In the end though it is all irrelevant to me since I neither buy in strictly to the idea of "original sin" or to the "atonement theory" that permeates much--probably most--of Christianity. For me original sin is nothing more than our tendency toward seeking to be and have more than we are. I can't really buy into the idea that it is the result of a failure of individuals at some initial point since they would not have had this failure if they didn't have the tendency and ability to begin with. And while this would almost certainly be considered heresy by the Catholic Church, I do not believe that we have a need to be cleansed from this tendency through some sacramental ritual since we clearly are not cleansed of it and retain it even after the ritual. Whatever instantaneous cleansing of the "stain of sin" would occur would be immediately wiped out by our tendencies and movement toward satisfying our own desires. As such I do not see the work of Christ to somehow be involved in removing or mitigating original sin in any way. The Genesis myth is certainly an attempt to show how sin entered the world but I don't see it being a doctrinal statement and would agree that, like most myth, it is allegorical to a great extent.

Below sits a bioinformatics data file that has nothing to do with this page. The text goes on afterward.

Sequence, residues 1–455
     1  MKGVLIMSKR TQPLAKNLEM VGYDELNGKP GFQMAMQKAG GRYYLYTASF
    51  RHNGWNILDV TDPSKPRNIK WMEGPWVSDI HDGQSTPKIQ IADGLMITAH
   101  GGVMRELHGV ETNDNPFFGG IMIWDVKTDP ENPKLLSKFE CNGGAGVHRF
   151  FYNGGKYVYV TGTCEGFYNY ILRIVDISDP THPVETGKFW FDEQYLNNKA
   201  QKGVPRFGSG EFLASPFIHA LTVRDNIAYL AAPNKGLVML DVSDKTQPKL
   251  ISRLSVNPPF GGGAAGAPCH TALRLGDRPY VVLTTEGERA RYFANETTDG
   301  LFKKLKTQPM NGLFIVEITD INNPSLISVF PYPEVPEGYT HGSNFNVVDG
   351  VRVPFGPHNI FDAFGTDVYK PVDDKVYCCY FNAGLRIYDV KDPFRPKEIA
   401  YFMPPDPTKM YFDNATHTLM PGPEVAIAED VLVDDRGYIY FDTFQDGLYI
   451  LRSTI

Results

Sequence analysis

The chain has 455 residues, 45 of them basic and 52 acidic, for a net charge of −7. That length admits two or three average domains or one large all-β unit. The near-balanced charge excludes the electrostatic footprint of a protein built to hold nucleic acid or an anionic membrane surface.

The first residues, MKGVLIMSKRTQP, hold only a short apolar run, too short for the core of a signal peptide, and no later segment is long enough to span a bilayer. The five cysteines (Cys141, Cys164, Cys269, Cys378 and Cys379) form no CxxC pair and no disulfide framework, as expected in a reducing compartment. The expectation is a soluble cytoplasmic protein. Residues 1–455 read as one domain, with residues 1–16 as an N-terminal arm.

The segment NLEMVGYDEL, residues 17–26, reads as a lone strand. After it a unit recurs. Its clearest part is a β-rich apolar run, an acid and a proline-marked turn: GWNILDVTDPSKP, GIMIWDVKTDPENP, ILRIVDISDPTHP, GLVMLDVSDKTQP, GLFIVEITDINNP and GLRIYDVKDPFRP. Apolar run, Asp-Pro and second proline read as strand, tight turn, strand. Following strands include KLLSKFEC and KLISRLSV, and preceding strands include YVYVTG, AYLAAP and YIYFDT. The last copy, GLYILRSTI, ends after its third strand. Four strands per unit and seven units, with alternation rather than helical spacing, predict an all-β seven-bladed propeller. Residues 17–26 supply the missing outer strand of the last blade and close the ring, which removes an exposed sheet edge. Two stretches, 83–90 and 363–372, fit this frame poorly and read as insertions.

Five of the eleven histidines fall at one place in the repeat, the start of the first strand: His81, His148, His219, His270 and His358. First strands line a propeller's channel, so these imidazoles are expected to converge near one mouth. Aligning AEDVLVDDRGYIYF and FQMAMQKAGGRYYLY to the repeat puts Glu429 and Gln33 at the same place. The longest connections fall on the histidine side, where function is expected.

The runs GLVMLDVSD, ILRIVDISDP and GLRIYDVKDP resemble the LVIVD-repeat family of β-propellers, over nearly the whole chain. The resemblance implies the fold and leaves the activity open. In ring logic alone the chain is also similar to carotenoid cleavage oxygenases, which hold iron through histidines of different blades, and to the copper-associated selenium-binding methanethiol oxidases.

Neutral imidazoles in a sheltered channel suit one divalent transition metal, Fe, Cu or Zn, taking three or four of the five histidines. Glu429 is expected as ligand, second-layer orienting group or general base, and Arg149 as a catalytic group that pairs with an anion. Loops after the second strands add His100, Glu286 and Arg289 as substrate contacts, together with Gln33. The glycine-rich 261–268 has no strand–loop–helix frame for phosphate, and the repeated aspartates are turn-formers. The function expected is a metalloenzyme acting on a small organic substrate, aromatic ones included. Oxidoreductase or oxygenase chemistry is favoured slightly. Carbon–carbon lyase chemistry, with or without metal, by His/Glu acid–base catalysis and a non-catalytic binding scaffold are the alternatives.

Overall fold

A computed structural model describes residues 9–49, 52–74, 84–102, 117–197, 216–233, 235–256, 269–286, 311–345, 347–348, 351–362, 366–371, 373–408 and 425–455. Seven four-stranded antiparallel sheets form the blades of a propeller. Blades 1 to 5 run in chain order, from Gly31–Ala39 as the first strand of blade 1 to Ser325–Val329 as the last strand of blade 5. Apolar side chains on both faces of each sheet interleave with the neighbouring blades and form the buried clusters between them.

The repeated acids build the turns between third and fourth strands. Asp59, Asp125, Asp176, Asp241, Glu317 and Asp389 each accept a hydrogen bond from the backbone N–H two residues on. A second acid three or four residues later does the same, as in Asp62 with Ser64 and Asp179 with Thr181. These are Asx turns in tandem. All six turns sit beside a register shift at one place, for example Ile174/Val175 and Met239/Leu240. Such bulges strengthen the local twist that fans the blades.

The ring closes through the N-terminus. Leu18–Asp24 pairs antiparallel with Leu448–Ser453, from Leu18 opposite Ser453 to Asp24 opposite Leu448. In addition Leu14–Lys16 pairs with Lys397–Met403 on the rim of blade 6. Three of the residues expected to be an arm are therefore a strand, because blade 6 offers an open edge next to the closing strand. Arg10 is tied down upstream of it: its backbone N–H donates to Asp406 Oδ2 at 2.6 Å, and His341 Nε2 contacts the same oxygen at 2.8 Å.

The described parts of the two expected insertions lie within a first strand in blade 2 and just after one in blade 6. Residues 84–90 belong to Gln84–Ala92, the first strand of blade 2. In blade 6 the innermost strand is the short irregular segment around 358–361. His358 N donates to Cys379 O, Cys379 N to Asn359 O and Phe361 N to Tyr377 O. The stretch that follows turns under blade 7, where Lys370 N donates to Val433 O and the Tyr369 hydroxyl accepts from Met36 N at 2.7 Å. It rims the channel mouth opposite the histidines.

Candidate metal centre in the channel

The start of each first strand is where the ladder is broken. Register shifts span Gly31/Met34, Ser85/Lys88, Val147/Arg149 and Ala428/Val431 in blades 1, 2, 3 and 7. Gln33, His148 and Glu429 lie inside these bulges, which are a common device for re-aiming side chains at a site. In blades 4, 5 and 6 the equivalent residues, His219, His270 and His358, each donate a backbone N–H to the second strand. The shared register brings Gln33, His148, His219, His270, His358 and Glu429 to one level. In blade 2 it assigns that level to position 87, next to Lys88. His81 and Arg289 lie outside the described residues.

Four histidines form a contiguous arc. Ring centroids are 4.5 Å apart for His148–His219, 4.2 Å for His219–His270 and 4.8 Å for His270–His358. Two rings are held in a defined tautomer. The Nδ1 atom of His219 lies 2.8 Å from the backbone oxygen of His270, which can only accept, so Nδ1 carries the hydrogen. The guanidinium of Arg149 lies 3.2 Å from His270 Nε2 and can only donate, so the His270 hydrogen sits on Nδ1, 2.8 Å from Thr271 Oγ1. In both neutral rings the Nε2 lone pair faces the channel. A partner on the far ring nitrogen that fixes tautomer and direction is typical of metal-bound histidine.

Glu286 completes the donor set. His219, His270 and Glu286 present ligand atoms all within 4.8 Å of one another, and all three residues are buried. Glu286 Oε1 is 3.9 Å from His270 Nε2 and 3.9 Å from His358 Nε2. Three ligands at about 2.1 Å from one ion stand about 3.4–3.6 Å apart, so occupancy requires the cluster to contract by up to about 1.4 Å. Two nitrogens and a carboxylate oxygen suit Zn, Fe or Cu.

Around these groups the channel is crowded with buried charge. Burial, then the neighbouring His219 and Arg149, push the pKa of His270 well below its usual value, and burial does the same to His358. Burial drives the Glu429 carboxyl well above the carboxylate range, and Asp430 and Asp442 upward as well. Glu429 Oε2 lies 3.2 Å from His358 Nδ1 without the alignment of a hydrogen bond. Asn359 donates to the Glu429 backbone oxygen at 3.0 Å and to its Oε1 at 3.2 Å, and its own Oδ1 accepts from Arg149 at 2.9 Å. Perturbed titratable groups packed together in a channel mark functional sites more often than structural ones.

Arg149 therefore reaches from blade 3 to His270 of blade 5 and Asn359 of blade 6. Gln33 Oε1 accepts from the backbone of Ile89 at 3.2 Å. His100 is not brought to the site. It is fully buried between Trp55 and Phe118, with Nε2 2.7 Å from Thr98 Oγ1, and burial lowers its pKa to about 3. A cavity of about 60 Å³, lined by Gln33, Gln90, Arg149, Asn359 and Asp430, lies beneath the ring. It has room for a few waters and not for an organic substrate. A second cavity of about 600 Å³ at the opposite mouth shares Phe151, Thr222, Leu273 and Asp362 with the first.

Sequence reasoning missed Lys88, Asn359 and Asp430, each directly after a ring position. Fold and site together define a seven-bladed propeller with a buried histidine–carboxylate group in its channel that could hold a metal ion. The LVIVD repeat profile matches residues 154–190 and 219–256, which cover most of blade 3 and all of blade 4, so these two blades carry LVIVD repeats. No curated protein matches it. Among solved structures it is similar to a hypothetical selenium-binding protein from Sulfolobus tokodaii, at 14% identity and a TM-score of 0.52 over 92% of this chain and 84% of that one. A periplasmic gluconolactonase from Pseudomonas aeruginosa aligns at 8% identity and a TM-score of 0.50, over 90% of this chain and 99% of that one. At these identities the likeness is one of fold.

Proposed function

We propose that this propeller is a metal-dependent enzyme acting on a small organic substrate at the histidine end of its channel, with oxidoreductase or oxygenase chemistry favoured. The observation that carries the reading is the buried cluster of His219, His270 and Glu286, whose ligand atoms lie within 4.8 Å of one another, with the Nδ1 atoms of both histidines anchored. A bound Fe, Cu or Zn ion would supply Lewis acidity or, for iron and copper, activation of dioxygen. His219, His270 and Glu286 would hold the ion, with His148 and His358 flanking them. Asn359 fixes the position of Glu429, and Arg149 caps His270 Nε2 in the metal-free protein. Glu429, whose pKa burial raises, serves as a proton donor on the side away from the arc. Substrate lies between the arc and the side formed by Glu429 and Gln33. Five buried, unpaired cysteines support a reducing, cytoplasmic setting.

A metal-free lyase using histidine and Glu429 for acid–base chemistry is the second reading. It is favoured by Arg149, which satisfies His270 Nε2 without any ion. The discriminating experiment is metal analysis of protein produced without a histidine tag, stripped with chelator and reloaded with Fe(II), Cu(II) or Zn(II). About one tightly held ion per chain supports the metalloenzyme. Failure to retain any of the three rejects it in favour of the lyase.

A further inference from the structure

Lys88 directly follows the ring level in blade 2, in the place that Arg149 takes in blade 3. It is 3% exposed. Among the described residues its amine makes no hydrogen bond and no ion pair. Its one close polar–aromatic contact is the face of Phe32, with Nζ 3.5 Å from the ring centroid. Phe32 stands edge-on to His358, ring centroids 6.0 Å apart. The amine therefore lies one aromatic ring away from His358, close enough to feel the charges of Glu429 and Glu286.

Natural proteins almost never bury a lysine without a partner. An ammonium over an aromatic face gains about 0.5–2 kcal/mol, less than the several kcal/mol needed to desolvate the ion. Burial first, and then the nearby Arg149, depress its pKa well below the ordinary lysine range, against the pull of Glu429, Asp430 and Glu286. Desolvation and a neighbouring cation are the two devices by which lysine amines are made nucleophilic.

Is his work then to be "savior" in some other form? My answer would be "yes" but not in the vision of atoning for our sins as some kind of "super sacrifice," Paul's letters notwithstanding. To me Jesus is the quintessential love letter from God, sent to give us the model of how to live what he referred to as the two great commandments: to love God completely and to love our neighbor as ourselves. This is really just a living example of messages from the Old Testament that "what I want is mercy, not sacrifice." I see it as a way to get us away from the whole "thou shalt not" approach of thinking we can legislate people into love of God by itemizing every way they can sin until we take away all the loopholes. Instead we get away from needing sin police by using the positive attitude of working from a basic standpoint of living a life based on gratitude to, and love of, God from which each of us should then be able to stop persecuting each other since each of us is only a product of the mercy of God to begin with. His death is the hyperbole to show how far we should be willing to go in giving our bodies to be broken for the life of the world rather than reacting in vengeance and violence. It is the ultimate living of the sermon on the mount that if someone takes your cloak give him your tunic as well.